Most folks would find this reply to be unobjectionable.

    (2) “My point was that it is absurd to conflate the power of the government with those of hackers and kids. They are of grossly different orders of magnitude.”
    Does Arms Merchant serious disagree with this?

  16. As a further elaboration upon the constraints facing the modern state’s ability to act, consider that gangs are able to operate quite effectively notwithstanding prisons. Indeed prisons arguably enhance their ability to operate.

    Do not think this has resulted from some flaky, limp-wristed, decadent Western liberal do-goodedness. The Russian mafiya flourished in Stalin’s Russia notwithstanding and arguably because of its imprisonment in the Gulag..

  17. Its a good way to end unemployment. (Personally , I think it would be healthier and more environmentally friendly if they were hired to hand hoe cabbage fields .)
    Once people are aware of these fabulous monstadatoriums they can work with them . Swop your mobile with a stranger , daily . Wear hoodies , gloves and mixed dandruff from the cornershop’s DNA-Beater Clothes Exchange . Everyone include words such as Hydrogen Peroxide , Centrifuge , Meet Abdul , H7N2StrainX , Enhanced Nitro Mixture , etc , in every electronic post they send. Download the latest computor viruses and their antisera on Special offer at Amazon ; only attatch the antiserum on emails to your friends .

  18. In fact , this could give a boost to the whole electronics home industry sector . Wave identification techology resistant tablecloths to swathe yourself in when you venture out from your boron-plaster lined home , to tap into the local gov offices old fashioned wired tecnology , from your mobile disposable roamer PC ( $10 for 7 , Walmart this week .)

  19. FM: “Does Arms Merchant seriously disagree with this?

    Of course not. But the power imbalance is irrelevant with respect to one’s individual expectation of privacy, whether it’s a government snoop or a hacker since the information is already out there. Are you suggesting that we keep law enforcement from sifting emails but it’s open season for hackers, jihadists, and identity thieves? This is somewhat akin to disarming the police, and then only the criminals have guns.
    Fabius Maximus replies: The old song — surrender your freedoms to provide security. After all, there are bad guys out there. Boogeymen under the bed. Unlike you, I do not believe they are such a threat that we need to unleash the government and trash our Constitutional protections. Our society is neither so vulnerable nor frail as you appear to believe. Each generation faces threats, and must resist such songs of fear and surrender. I suggest that you buck up.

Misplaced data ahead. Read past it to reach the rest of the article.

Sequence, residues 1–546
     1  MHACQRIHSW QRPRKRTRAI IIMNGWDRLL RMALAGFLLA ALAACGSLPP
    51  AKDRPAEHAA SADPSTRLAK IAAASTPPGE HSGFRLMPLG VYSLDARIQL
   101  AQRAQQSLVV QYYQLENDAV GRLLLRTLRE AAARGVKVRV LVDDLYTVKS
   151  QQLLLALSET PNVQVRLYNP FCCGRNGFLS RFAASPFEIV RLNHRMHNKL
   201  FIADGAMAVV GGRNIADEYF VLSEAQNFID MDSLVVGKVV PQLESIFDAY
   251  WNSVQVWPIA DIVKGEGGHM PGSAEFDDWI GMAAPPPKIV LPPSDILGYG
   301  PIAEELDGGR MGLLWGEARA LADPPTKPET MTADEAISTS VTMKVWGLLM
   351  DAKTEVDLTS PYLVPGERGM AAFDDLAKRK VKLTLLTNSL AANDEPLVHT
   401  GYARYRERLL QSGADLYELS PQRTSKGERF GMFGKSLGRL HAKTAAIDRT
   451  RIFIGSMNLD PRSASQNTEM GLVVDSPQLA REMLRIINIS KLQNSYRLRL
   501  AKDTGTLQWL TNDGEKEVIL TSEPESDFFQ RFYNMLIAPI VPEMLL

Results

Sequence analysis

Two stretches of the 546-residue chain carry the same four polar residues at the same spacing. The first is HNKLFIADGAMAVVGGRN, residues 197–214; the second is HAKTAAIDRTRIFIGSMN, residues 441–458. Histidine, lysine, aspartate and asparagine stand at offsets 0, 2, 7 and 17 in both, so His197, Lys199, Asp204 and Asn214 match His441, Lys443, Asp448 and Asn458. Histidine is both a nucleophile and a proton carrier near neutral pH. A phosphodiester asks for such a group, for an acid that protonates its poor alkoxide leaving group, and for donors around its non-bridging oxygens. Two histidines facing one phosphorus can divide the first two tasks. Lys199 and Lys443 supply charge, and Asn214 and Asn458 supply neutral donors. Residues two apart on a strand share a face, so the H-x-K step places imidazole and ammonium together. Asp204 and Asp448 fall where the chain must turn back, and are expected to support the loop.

“somewhat akin to disarming the police and then only the criminals have guns.”

    No, its not. The analogy is unfounded. Criminals have the ability to wield guns, and benefit from doing so.
    * I doubt “hackers, jihadists, and identity thieves” have the ability to monitor a large fraction of our communications — while the government does (or is building to that end).
    * I doubt these boogeymen would benefit by doing so, certainly not proportionate to the effort required.

  20. Context, context FM. Go back to my comments #4, #7 and #18. Nowhere do I suggest trashing Constitutional protections. I say there is a line to be drawn and that the government looking at internet traffic is like the government reading a bulletin board of your penned messages. That is one side of the line. The other is spying on you in your home, on your private conversations, etc.

    If you want to argue that one inevitably leads to the other, fine, let’s have that discussion, but I’m just saying that reading my emails doesn’t cross the line because I have no expectation of privacy on a party line/bulletin board. Sheesh.
    Fabius Maximus replies: Perhaps. Everyone draws the line where they will. I believe your statement in comment #22 speaks for itself, clearly: “Are you suggesting that we keep law enforcement from sifting emails but it’s open season for hackers, jihadists, and identity thieves?”

    I’d rather draw the line at reading emails, and fight it out here. Otherwise next we’ll be debating the merits of spying on you in your home.

    Oh, this just in — under the Patriot Act the government is already increasing the use of delayed notice search warrants (you cannot fight them, because you don’t know about them). And not, as originally promised, to fight terrorism. Now on drug dealers, but if this follows the pattern of other cracks in the constitutional, it will widen to become a standard police tool. As seen in the increased use and abuse of asset foreiture (see Wikipedia and the Forfeiture Enganges American Rights website.